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Math Help - standard normal2

  1. #1
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    standard normal2

    An economics test is taken by a large group of students. The test scores are normally sidtrbuted with mean 70, and the probability that a randomly chones studnet receives a score less than 85 is 0. 9332.
    Four students are chosen at random. What is the probability that at least one of them scores more than 80 points on this test.

    How do you do with 4 people? Thanks so much.
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  2. #2
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    You will need to set up the normal distribution first and work out the chances that just 1 person scores more than 80 points.

    Once you have gotten this, the probability that at least 1 out of 4 gets above 80, is just 1 - P(they all get less than 80).

    If this doesn't help I will explain more.
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  3. #3
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    Quote Originally Posted by TheBrain View Post
    - P(they all get less than 80).
    .
    How do I get it? Thank you
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  4. #4
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    Quote Originally Posted by 0123 View Post
    An economics test is taken by a large group of students. The test scores are normally sidtrbuted with mean 70, and the probability that a randomly chones studnet receives a score less than 85 is 0. 9332.
    This bit allows you to determin the standard deviation. 0.9332 is the
    probability of observing a z of less than 1.5 from a standard normally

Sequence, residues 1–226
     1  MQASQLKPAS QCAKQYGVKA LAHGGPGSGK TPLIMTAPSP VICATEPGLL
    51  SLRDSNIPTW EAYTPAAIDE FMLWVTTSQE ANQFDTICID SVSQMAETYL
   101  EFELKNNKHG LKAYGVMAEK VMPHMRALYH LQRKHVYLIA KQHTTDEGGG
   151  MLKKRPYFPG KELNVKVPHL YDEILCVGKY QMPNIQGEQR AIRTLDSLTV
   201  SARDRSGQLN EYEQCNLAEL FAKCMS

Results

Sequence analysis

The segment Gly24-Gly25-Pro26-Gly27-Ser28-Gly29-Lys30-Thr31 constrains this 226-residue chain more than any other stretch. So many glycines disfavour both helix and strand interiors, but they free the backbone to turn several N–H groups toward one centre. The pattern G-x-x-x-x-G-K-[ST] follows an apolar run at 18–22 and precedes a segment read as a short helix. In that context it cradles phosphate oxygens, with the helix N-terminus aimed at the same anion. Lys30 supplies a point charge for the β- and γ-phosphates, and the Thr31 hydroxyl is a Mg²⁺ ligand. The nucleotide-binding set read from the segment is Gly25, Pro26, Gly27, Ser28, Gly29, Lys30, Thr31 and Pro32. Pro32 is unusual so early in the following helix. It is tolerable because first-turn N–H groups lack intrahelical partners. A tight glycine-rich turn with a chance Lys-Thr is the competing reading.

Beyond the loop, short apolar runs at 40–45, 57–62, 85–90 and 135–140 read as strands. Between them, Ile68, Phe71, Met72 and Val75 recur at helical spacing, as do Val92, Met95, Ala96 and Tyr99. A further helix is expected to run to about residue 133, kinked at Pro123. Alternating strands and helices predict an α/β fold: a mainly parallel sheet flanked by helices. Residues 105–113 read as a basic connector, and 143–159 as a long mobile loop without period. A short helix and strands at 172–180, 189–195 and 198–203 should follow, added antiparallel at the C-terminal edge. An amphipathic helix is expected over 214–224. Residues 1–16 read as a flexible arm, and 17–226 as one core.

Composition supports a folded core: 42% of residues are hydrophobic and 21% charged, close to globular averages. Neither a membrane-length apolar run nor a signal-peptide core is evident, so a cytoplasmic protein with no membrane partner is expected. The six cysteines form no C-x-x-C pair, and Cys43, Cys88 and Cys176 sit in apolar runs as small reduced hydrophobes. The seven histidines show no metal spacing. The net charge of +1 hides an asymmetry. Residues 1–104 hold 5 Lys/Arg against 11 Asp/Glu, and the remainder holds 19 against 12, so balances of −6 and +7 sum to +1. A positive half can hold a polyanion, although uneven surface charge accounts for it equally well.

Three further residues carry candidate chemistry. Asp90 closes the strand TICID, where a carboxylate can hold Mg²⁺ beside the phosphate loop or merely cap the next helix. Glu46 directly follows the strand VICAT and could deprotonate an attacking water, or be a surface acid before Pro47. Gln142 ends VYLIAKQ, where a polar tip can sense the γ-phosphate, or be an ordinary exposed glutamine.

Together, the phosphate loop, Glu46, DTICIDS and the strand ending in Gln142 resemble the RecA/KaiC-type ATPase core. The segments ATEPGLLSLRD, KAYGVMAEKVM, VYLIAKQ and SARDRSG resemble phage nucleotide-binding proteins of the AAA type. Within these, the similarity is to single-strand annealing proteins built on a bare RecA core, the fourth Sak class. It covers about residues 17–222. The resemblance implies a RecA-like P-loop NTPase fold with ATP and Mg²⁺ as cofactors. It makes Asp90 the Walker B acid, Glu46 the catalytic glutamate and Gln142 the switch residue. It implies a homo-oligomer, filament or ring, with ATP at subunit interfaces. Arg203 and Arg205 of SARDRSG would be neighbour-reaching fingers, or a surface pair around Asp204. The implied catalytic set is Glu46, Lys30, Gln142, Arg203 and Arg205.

distributed random variable. So the z score corresponding to a mark
    of 85 is:

    z = \frac{85-70}{\sigma} = 1.5

    so:

    \sigma=10

    Four students are chosen at random. What is the probability that at least one of them scores more than 80 points on this test.

    How do you do with 4 people? Thanks so much.
    The probability p that at least 1 score more than 80 is 1 minus the probability
    that all score less than 80. So if Q(80) is the probability that one score less
    than 80, then:

     <br />
p = 1-[Q(80)]^4<br />

    RonL
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  5. #5
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    Quote Originally Posted by CaptainBlack View Post
    This bit allows you to determin the standard deviation. 0.9332 is the
    probability of observing a z of less than 1.5 from a standard normally
    distributed random variable. So the z score corresponding to a mark
    of 85 is:

    z = \frac{85-70}{\sigma} = 1.5

    so:

    \sigma=10



    The probability p that at least 1 score more than 80 is 1 minus the probability
    that all score less than 80. So if Q(80) is the probability that one score less
    than 80, then:

     <br />
p = 1-[Q(80)]^4<br />

    RonL
    Uhm. Funny. Because there are quite a lot exercices like this and I did them differently getting the right result.
    I used binomial distribution with P= (X> 80). Is it wrong? How is that we both come up with the right result?
    Thanks a lot
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  6. #6
    Grand Panjandrum
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    Quote Originally Posted by 0123 View Post
    Uhm. Funny. Because there are quite a lot exercices like this and I did them differently getting the right result.
    I used binomial distribution with P= (X> 80). Is it wrong? How is that we both come up with the right result?
    Thanks a lot
    Because They are the same thing.

    RonL
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  7. #7
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    Quote Originally Posted by CaptainBlack View Post
    Because They are the same thing.

    RonL
    oh.
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